A little bit that I have seen is that we need the telescope in the federation. Wondering if there are lessons learned from APAN that apply for other regions.
Sounds like a capability challenge. We need to implement some processes. Materials to push the technology out and there is a probably a core of assistance stuff that can be packaged up. It might not be English as a de-facto choice.
There has been some of that point on, there were materials developed for APAN, if nothing else is a starting point, their choice was interestingly enough English. For the admins and who shows up at the conferences so far it has been ok.
Albert: I know very little about this, we got into the Africa bit. The rest of the world, we have been approaching this through NRENs, it doesn’t sound like Africa. It sounded like there is a strong mindset challenges that part of the world things about. They have different priorities and they perceive technology much differently.
Getting clear messaging out to the right communities is really important are not the folks working in IT but the government departments.
A: He gave two examples, in Namibia there are two universities, but as there are two universities it doesn’t seem like you need to have an NREN. IF you don’t have needs to collaborate in the nation itself.
So, you think it’s a conceptual need…
A: In the US we keep talking about the longtail problems but then you have the very small universities that don’t have the resources. I wonder if that idea can lead into something for universities and colleges that don’t want to run their own thing. I wonder if something like that would work in these regions. You need to provide a complete packaging.
To generalize is the existing tooling the appropriate tooling. DO we really need university credentials for that kind of stuff?
An example: Uganda, my convo with the CEO was saying how important was that he was able to get researches to be the voice of the NREN, it has been clear to me working in Mali, IT people finding out about eduGain, but they are not often the best people to sell it.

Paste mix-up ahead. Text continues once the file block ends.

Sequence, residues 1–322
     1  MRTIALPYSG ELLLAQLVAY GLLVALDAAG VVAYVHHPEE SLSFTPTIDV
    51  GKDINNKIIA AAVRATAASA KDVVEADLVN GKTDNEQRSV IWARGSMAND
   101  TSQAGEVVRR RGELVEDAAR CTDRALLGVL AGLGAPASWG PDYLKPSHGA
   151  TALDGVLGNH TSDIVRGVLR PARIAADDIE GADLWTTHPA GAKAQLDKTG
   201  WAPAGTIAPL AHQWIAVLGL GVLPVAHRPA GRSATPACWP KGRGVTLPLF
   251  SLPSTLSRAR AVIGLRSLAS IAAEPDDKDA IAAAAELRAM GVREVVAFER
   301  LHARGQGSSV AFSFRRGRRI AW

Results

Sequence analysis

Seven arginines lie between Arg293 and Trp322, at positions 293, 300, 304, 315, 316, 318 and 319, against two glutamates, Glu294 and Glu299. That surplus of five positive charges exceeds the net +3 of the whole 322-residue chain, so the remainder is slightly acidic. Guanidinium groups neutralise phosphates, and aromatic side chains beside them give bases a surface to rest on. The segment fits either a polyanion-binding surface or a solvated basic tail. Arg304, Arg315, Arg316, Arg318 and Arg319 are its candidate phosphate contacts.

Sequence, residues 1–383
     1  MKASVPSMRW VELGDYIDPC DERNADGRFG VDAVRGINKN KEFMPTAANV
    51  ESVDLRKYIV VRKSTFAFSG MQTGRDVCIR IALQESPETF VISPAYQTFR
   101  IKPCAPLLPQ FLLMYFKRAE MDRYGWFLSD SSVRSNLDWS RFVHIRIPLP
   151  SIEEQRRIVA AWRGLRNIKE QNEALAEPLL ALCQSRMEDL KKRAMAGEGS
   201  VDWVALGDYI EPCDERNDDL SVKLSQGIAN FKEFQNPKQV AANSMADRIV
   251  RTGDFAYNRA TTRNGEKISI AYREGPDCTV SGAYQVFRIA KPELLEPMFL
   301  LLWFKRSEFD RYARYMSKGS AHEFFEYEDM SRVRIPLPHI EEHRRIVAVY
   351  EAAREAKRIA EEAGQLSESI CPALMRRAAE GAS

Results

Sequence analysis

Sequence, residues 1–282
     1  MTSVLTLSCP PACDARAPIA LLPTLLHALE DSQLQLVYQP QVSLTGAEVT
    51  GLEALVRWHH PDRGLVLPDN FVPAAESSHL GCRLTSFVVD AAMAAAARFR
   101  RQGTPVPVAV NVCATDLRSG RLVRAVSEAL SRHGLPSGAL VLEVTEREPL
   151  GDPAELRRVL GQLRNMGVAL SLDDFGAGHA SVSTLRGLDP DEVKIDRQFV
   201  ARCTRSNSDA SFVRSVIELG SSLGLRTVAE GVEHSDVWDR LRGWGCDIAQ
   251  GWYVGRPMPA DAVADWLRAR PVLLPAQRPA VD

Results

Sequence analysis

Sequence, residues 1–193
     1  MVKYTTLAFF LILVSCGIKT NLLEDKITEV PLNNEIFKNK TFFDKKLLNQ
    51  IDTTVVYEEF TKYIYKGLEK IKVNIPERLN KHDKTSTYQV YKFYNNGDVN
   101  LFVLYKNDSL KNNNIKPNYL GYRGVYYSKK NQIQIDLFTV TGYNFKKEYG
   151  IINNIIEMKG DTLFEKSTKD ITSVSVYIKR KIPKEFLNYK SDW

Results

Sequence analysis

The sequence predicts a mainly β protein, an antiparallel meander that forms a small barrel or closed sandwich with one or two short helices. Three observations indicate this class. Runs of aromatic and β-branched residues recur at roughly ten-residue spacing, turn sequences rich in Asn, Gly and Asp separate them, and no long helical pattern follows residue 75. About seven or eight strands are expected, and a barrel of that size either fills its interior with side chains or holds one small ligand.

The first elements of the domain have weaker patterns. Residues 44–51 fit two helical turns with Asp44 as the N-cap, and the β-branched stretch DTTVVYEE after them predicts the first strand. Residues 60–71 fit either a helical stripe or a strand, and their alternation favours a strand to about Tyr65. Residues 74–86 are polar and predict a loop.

A: Language can be an issue looking at the map. Is there anything other than trying to provide support to NRENs?
Can something else be done?
One of the discussions we had before is that connectivity is pretty low and that’s for every single student. If we were trying to do something that is a centralized, nationalized IDP service that might fail because of the lack of infrastructure?
Doesn’t that get into a much more, why this is an issue? Back to the US, part of the problem is that the colleges that is not just about money, but they don’t see the purpose of the research, because they are community colleges.
In regions of the world where internet speed is inadequate, is there even a motivation to do this?
The idea is what at the moment research collaborations is for the northern hemisphere, they end up racing ahead. There is disconnect between the research that they do and the north. ESO are headquartered in Europe and their telescopes are in Chile, the data travels from Chile to Europe. There’re only a few researchers in Chile that take part in that.
I think that there are interesting projects in the south and that those collaborations can be good in some ways because it faced similar challenges. At least in that case they share the language.
A: Is the desire to even the playfield coming from the south countries?
In some cases, yes but not only. Botswana is one of the richest countries in Africa but no eduGain or NREN.
Some countries just choose not to invest into it. We as countries think that higher education is important, so we invest into that.
Some US universities want the single sign on, but they don’t want to support research.
There is a traditional model that NRENs fit into for service-based economies. Perhaps for resource/extraction-based economies the is a need for another type of infrastructure provider for education which is similar in function to an NREN.